Registers cs and ds point to the code and the data segments of the current mode
fs points to data segment of the calling process in kernel mode.
Get_ds(), get_fs(), and set_fs() are also defined in asm/segment.h
Segment + Offset = 4 GB Linear address (32 bits)
Of this, user space = 3 GB and kernel space = 1GB
Linear Address are converted to physical address using 3 levels
Page Table Entry (pte_t)
Presence (is the page present in VAS?)
Read, Write and Execute
Macros of Pgprot_type
PAGE_COPY/READ_ONLY (read only, used by copy-on-write)
PAGE_KERNEL (accessibe only by kernel)
Page Table Functions
mk_pte(), Pte_clear(), set_pte()
pte_mkclean(), pte_mkdirty(), pt_mkread(), â€¦.
pte_none() (checks whether entry is set)
pte_page() (returns the address of page)
pte_dirty(), pte_present(), pte_young(), pte_read(), pte_write()
int do_mmap(struct file *, unsigned long addr, unsigned long len, unsigned long prot, unsigned long flags, unsigned long off);
It creates a new memory region
Also creates the required PTEs
Sets the PTEs to fault later
The handler (nopage) will either copy-on-write if anonymous mapping, or will bring in the required page of the file.
How is brk() implemented?
Checks whether to allocate (deny if not enough physical memory, exceeds its VA limits, or crosses stack).
Then call do_mmap() for anonymous mapping between the old and the new values of brk (in process table).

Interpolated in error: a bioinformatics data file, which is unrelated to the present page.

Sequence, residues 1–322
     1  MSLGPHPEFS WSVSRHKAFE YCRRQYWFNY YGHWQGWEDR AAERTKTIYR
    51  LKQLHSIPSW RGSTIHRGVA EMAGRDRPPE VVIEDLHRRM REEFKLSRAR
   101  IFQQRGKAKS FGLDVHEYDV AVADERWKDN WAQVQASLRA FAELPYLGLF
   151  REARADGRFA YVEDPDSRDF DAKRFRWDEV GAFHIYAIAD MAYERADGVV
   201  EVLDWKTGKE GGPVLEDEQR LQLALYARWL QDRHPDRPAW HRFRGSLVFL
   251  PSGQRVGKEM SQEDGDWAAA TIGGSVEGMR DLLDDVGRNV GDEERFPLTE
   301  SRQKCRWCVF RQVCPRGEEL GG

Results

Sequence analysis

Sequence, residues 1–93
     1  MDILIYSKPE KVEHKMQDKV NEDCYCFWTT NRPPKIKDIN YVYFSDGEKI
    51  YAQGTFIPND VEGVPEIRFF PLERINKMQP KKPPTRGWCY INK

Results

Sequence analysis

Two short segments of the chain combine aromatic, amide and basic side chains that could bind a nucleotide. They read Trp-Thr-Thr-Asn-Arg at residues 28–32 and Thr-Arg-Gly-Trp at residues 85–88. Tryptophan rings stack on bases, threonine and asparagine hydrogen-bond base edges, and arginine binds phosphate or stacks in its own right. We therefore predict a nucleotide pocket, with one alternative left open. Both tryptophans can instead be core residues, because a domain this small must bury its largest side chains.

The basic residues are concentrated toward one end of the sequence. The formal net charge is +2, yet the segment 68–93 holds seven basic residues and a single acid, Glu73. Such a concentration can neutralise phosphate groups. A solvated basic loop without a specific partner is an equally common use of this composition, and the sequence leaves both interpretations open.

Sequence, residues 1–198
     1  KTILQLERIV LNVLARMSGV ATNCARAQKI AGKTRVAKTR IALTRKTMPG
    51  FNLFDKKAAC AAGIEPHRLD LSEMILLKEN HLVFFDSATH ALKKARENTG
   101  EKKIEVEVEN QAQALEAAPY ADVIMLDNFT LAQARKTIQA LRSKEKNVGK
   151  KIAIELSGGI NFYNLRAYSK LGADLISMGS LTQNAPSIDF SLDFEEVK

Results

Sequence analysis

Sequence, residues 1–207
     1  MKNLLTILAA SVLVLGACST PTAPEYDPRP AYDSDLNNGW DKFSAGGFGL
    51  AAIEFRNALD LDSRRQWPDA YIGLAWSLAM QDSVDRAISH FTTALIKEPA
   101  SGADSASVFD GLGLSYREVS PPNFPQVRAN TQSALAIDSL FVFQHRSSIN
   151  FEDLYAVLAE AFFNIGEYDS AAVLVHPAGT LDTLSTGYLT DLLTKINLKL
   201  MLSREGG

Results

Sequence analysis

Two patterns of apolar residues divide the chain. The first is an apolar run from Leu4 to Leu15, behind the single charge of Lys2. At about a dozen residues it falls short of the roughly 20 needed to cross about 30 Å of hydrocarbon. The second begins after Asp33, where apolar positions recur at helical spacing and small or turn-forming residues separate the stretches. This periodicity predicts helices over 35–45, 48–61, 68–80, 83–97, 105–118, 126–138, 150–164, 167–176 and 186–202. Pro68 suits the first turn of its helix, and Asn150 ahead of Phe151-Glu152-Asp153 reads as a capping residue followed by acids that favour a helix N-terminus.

Returns the new brk value.
On a sys call, CS points to the kernel segment. DS and ES are set to the kernel segment as well.
Next, FS is set to the user data segment.
Put_user() and get_user() can then access the user space if needed.
The address parameters to these functions cannot exceed 0xc0000000.
Violation of this results in a trap, together with any writes to a read-only page (creates a problem on 386, while the problem does not exist in 486/Pentium)
Hence, verify_area() is typically called before performing any such operations.
Physical and Virtual addresses are the same except for those allocated using vmalloc().
Kernel segment is shared across processes (not switched !)
Memory Allocation for Kernel Segment
Memory_start = console_init(memory_start, memory_end);
Typically done for drivers to reserve areas, and for some of the other kernel components.
Void *kmalloc(size, priority), Void kfree (void *) // in mm/kmalloc.c
Void *vmalloc(size), void *vmfree(void *) // in mm/vmalloc.c
Kmalloc is mainly used for physically contiguous pages while vmalloc does not allocate physically contiguous pages
Memory allocated is not initialized (and is not paged out).
Allocates virtually contiguous pages, but they do not need to be physically contiguous.
Uses get_free_page() to allocate the physical frames.
Once all the required physical frames are found, the virtual addresses are then created at an unused part.
The virtual address searches for unused parts on x86 begins at the next address after physical memory on an 8 MB boundary.
One (virtual) page is also left free after each allocation for cushioning.
vmalloc vs kmalloc
Contiguous vs non-contiguous physical memory
kmalloc is faster and less flexible
vmalloc involves get_free_page() and sometimes needs to block to find a free physical page
DMA requires contiguous physical memory
All kernel segment pages are locked in the memory (no swapping)
The user pages can be paged out:
Complete block device
By fixed length files in a file system
First 4096 bytes are like a bitmap indicating that space for that page is available for its paging.
At byte 4086, string "SWAP_SPACE" is stored.
Hence, max swap of 4086*8-1 = 32687 pages = 130784KB per device or file
MAX_SWAPFILES specifies the number of swap files or devices
Swap devices are more efficient than swap file.